One currency. Croatia is ready to adopt the euro in 2023

Now is the time to open the door.

One currency. Croatia is ready to adopt the euro in 2023

Now is the time to open the door. Croatia is ready for the euro to be adopted in 2023. On Wednesday, the European Commission stated that Croatia meets all requirements to receive the single currency starting next January 1. This will make Croatia the twenty-first member of the Euro zone, seven years after it joined Lithuania.

EU finance ministers will take the formal decision in July. There is no opposition, as the ex-Yugoslav Republic with 4 million residents meets all technical criteria. On Wednesday, the European Central Bank (ECB), also gave a positive opinion. "I expect that this procedure will go smoothly and that Croatia will be able to join the euro area as soon as next year," stated Valdis Dombrovskis (Vice-President of the Commission), who will be visiting Zagreb on Wednesday.

This will help strengthen Croatia's economy

Croatia had previously expressed its desire for the adoption of the single currency when it joined the EU in 2013. Croatia is "ready to join euro zone on January 1st." "This will strengthen Croatia's economic, which will benefit its citizens, businesses, and society as a total," Ursula von der Leyen, President of the Commission, stated in a statement. She stated that this will also "support the euro".

Tourism is a major industry in the Mediterranean country. The average wealth creation per capita in the EU is just half that of the Baltic States and Poland. In April, the unemployment rate was 6.1%. This is in line with European averages.

The euro just celebrated its 20th anniversary of being a fiduciary money. Millions of Europeans from twelve countries gave up their francs and deutsche marks on January 1, 2002 to exchange euro coins and banknotes for euro coins. Seven other countries have joined them: Slovenia, Malta, Cyprus, Malta, Slovakia, Estonia, Latvia, and Lithuania in 2015. Now, 345 million people live in the euro zone.

The symbol of European unity is the single currency. The EU has committed all its member countries to joining the Union as soon as they fulfill the conditions. However, no timetable has been established. Denmark was the only exception. It negotiated an exemption following a 2000 referendum in which the Danes opposed the euro.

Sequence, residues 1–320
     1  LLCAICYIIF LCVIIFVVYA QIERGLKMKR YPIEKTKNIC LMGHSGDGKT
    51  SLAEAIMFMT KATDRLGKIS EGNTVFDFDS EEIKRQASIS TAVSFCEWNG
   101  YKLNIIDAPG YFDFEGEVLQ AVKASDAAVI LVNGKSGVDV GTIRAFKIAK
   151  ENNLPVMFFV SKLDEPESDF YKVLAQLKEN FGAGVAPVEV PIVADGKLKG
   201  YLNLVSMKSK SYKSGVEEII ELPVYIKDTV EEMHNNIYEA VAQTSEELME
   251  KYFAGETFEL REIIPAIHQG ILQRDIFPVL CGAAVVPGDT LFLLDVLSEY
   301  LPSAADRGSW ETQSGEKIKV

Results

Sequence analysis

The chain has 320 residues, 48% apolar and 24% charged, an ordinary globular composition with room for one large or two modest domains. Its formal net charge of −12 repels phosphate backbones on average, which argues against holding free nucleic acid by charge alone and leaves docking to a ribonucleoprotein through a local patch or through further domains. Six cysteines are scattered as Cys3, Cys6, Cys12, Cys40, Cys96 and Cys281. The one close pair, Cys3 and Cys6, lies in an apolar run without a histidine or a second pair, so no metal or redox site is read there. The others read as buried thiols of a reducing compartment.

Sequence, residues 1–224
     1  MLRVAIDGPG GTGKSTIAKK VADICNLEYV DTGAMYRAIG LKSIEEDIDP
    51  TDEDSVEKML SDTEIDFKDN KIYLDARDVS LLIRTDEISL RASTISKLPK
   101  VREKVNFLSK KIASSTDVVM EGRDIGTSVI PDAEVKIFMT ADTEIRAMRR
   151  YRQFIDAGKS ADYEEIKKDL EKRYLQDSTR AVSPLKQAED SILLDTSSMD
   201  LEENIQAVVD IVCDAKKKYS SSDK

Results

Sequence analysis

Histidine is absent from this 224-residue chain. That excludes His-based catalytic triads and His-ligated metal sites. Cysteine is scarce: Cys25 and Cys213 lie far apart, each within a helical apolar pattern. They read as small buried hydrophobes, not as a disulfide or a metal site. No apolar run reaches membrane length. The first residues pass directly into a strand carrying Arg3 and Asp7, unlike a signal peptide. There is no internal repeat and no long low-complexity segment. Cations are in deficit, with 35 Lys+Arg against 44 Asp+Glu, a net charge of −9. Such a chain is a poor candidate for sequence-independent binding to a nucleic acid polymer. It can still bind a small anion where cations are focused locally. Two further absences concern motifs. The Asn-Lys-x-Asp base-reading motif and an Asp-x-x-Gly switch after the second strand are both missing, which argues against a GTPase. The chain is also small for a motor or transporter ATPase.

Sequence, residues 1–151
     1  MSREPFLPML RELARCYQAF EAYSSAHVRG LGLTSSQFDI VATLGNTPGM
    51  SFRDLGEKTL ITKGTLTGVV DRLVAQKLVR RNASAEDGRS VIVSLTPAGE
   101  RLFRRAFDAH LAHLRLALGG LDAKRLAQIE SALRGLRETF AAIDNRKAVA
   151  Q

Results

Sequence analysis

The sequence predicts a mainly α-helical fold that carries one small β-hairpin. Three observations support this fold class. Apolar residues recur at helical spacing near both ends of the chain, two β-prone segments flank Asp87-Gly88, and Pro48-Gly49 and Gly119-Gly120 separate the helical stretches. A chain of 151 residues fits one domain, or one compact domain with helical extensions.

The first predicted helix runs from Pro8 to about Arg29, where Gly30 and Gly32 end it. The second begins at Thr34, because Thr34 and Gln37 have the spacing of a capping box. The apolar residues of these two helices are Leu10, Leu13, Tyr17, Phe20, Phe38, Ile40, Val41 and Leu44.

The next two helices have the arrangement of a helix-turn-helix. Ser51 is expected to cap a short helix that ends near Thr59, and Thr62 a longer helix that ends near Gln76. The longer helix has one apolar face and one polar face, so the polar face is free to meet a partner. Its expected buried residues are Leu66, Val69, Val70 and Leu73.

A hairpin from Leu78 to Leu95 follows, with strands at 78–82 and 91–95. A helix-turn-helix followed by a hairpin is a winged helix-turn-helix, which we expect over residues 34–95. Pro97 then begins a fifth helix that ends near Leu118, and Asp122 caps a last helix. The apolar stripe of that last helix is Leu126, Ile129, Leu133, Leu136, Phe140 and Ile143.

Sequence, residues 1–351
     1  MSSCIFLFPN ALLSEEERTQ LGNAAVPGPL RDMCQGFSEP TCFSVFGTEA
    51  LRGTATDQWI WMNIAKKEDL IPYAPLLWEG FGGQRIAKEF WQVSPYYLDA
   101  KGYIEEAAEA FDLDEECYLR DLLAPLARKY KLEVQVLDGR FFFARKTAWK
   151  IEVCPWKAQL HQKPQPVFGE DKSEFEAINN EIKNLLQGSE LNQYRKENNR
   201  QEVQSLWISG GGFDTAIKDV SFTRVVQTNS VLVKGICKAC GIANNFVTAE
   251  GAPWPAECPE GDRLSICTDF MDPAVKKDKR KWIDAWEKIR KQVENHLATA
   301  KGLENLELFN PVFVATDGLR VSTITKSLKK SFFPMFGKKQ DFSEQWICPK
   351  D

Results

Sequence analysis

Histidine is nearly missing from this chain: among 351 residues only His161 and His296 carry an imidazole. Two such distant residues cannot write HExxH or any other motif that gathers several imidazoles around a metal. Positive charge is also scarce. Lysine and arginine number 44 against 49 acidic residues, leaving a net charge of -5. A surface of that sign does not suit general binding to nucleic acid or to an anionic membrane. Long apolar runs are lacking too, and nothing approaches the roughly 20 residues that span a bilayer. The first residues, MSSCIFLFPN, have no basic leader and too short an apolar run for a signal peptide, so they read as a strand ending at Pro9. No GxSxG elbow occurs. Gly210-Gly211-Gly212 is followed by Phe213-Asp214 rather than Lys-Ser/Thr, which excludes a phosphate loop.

Many countries are worried about the introduction of a new currency. According to a March and April study, only 30% of Croatians believe their country is ready for the euro. It will cause price rises according to 87% of the population.

According to the criteria set by the Commission, the ECB and the Commission, the Croatian economy is ready for the new currency. The April harmonized inflation rate for twelve months was 4.7%. This was lower than the 4.9% threshold. The finances are sound. The public deficit was 2.9% of gross domestic products (GDP) in 2013, just below the limit of 3%. At 80% of GDP, the debt is certainly higher than the 60% threshold. However, this is common for EU countries and the trajectory is clearly downwards. The country's long term interest rates are within the limits.

The country finally joined the European Exchange Rate Mechanism II (ERM II), in July 2020. It has remained there with no difficulty. This mechanism establishes a variation limit at 15% for the kuna (the Croatian currency) currently fixed at 7.5345 per one euro. In July, a final exchange rate is expected to be established.

The Commission published a report on Wednesday stating that Bulgaria, which plans to adopt the euro in 2024 and is currently not meeting the requirements. The antechamber of the single currencies also includes five other countries (Hungary Poland Czech Republic, Romania and Sweden), but they do not plan to join the euro in the near future.

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